Even though this job went pear shaped, you will still be able to gain some pleasure from it as you toss it in the fire. Rub your hands together in its warm glow and remind yourself of the lesson learned. Have a drink too, you deserve it.

View Smitty_Cabinetshop's profile


16254 posts in 3177 days

#14 posted 09-11-2012 08:20 PM

Small – congrats on your decision to do away with the table saw! You might consider not junking it, of course. Even with the wobble and bad fence, ripping stock to rough dimension with a power tool is a good thing, just follow up by jointing with a tuned #8 hand plane. :-)

-- Don't anthropomorphize your handplanes. They hate it when you do that. -- OldTools Archive --

View Smallcrafter's profile


36 posts in 2656 days

#15 posted 09-12-2012 01:01 AM

Hey, Smitty…I can cut a pretty darned square length with Japanese hand saws. I tried making up my own fence from a piece of square cut scrap clamped to the table, but it even binds on such a simple cut. I’m a master metal refinisher by trade (brass, stainless & aluminum) working on everything from ornate cast brass pocket doors on banks to revolving doors, building entrances, and elevator work. My specialty was taking scratches/graffitti out of mirror stainless or mirror brass elevator doors and returning the work area to a mirror finish blending the work area in with the rest of the door. All of the work was done on site in corporate and commercial buildings. The brass was sprayed up with clear lacquer (I can spray with either hand while climbing up and down on a step ladder). I’m no stranger to working with my hands (or power tools for that matter) but prefer to be an active part of the process and not a machine operator. There’s just something about using hand tools regardless of how long the process is. I want to be part of the result and not just go through the motions to get to the result as fast as I can. But that’s me and in now way is meant to degrade anyone who likes using power tools.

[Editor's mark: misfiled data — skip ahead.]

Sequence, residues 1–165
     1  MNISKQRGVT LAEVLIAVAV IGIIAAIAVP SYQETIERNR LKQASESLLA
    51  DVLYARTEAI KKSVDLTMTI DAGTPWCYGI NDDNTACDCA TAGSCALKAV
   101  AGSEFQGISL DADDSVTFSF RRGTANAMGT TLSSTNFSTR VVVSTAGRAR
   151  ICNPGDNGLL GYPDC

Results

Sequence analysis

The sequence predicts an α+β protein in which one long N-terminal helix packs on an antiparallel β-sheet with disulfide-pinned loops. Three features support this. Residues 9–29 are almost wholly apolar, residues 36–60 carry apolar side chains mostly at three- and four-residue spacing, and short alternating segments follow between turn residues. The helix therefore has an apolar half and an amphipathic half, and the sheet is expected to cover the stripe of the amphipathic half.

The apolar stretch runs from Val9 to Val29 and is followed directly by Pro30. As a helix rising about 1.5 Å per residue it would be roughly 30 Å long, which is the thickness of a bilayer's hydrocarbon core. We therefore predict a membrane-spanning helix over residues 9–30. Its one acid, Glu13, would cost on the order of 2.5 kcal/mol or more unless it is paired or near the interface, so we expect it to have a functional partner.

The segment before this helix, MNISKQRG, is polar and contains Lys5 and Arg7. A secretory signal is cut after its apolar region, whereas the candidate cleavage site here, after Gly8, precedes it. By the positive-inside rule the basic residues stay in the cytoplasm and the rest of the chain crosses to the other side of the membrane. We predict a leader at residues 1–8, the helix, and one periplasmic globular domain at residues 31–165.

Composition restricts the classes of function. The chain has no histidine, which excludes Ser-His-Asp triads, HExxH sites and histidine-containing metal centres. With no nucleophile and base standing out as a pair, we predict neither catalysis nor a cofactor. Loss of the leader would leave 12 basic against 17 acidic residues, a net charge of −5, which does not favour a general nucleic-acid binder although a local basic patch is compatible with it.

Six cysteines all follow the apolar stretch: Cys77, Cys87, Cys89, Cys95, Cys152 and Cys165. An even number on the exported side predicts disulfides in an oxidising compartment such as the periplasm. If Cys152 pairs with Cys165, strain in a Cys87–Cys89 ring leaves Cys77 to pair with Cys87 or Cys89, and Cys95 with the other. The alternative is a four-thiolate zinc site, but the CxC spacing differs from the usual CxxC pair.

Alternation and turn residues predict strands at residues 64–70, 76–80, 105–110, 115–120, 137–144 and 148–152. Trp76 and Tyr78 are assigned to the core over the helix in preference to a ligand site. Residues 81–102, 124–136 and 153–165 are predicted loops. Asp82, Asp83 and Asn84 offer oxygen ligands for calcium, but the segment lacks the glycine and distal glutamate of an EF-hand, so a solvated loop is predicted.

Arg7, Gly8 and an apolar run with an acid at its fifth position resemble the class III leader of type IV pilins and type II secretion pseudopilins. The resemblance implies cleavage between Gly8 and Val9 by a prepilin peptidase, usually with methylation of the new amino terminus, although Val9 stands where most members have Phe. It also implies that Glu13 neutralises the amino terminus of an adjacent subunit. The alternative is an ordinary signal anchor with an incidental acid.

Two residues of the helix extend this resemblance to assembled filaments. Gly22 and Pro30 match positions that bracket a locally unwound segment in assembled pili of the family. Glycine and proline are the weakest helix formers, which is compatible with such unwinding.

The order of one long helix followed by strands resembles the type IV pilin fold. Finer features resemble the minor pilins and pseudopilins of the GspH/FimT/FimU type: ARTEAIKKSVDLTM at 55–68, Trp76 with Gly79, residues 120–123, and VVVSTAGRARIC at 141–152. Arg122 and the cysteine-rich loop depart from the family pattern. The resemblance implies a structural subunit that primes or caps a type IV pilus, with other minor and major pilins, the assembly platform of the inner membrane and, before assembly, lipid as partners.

-- 'The lyf so short, the craft so long to lerne.' - Chaucer

Have your say...

You must be signed in to reply.

DISCLAIMER: Any posts on LJ are posted by individuals acting in their own right and do not necessarily reflect the views of LJ. LJ will not be held liable for the actions of any user.

Latest Projects | Latest Blog Entries | Latest Forum Topics